Noted author Steve Pemberton serves as keynote at Northwell’s 49th annual Martin Luther King Jr. memorial celebration

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From left, Northwell Health President and CEO Michael Dowling with performer Cartier Williams and noted author and motivational speaker Steve Pemberton, who served as keynote speaker for Northwell Health’s 49th annual Martin Luther King Day celebration. (Photo courtesy of Northwell Health)
 
For the 49th consecutive year, employees of Northwell Health gathered together to honor the teachings and visions of Dr. Martin Luther King Jr. During his opening remarks at North Shore University Hospital, Northwell President CEO Michael J. Dowling referred to King as “a unifier” and encouraged the more than 400 attendees – and hundreds of others watching remotely at 33 facilities across the health system – to “reflect on what we do day, and tomorrow, and all future tomorrows” in a communal effort to affect positive change.
 
He also acknowledged Kenneth Gray, son of the late Bob McGhee, who started the health system’s first MLK Day event a half-century ago at North Shore University Hospital. This year’s keynote speaker was Steve Pemberton, best-selling author, human resources executive and motivational speaker. His autobiographical book turned Netflix film, “A Chance in the World,” chronicles his beginnings as a foster child through an extraordinary life journey that led him to Boston College and to success in the corporate world.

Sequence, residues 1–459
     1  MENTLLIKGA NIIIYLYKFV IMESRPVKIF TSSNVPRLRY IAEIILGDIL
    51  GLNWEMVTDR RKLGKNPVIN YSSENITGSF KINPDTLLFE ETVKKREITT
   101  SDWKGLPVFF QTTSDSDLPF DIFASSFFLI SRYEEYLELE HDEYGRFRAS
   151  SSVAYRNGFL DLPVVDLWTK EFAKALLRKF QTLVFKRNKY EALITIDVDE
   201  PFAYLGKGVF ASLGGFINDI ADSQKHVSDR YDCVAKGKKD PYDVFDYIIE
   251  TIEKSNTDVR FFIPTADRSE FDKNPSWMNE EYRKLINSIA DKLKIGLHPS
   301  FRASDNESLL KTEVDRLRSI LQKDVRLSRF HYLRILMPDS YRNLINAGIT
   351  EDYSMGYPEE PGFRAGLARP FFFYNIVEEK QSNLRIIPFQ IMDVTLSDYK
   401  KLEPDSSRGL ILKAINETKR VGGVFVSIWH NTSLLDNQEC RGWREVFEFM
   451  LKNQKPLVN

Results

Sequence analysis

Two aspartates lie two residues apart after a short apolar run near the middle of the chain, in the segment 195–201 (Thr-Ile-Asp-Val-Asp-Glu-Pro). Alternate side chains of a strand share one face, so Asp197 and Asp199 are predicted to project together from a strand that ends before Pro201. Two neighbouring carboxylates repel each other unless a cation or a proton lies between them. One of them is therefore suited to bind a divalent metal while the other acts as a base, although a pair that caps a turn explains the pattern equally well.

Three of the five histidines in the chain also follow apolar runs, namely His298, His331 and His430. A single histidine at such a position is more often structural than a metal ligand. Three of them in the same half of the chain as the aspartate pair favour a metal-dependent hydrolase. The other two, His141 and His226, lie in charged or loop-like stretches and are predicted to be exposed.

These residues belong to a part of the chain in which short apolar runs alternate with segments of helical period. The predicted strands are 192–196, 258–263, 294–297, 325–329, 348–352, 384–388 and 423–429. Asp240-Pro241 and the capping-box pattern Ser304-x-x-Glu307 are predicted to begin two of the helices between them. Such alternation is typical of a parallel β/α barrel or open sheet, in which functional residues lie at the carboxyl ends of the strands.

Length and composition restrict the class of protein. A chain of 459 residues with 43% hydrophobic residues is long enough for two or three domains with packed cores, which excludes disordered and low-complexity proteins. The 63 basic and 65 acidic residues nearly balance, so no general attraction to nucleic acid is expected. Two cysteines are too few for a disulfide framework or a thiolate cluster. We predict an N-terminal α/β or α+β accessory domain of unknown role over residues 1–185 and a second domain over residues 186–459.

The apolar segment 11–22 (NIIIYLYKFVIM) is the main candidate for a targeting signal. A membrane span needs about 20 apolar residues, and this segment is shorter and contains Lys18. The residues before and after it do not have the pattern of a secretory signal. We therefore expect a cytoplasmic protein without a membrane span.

During his childhood, Pemberton suffered abuse and neglect at the hands of a cruel foster family in Massachusetts, eventually overcoming feelings of worthlessness thanks to his love of reading, academic prowess, and mentors who recognized his talent and potential. The book’s title came from one of his first babysitters, who understood the misery of his young life and told him he “didn’t have a chance in the world.” During his stirring presentation, Pemberton spoke emotionally about the people in his early life who made a difference by offering such simple kindnesses as free books, a kind word, or a place to stay. “We all have different stories,” he said. “But if you take the time, you realize that you have extraordinarily similar chapters. Labels are misleading; we must learn to look beneath the label to see more of the person inside.”
 
Currently, Pemberton serves as the chief human resources officer for Globoforce, a Massachusetts-based leading provider of social recognition and performance development solutions. His tireless advocacy for disenfranchised Americans has earned him many awards and recognitions, including the prestigious Horizon Award from the US Congress. In honor of King, Pemberton urged his audience to “find a house with a light on,” reminding them that “if you want to be great, you must be good first.”
 
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